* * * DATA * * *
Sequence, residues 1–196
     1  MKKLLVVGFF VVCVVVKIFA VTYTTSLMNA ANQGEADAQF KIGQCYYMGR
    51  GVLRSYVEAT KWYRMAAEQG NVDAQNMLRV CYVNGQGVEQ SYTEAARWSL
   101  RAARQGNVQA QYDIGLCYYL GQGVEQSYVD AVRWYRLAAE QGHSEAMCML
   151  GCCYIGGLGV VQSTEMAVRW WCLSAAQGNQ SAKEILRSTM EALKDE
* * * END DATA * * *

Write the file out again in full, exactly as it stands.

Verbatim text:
Sequence, residues 1–196
     1  MKKLLVVGFF VVCVVVKIFA VTYTTSLMNA ANQGEADAQF KIGQCYYMGR
    51  GVLRSYVEAT KWYRMAAEQG NVDAQNMLRV CYVNGQGVEQ SYTEAARWSL
   101  RAARQGNVQA QYDIGLCYYL GQGVEQSYVD AVRWYRLAAE QGHSEAMCML
   151  GCCYIGGLGV VQSTEMAVRW WCLSAAQGNQ SAKEILRSTM EALKDE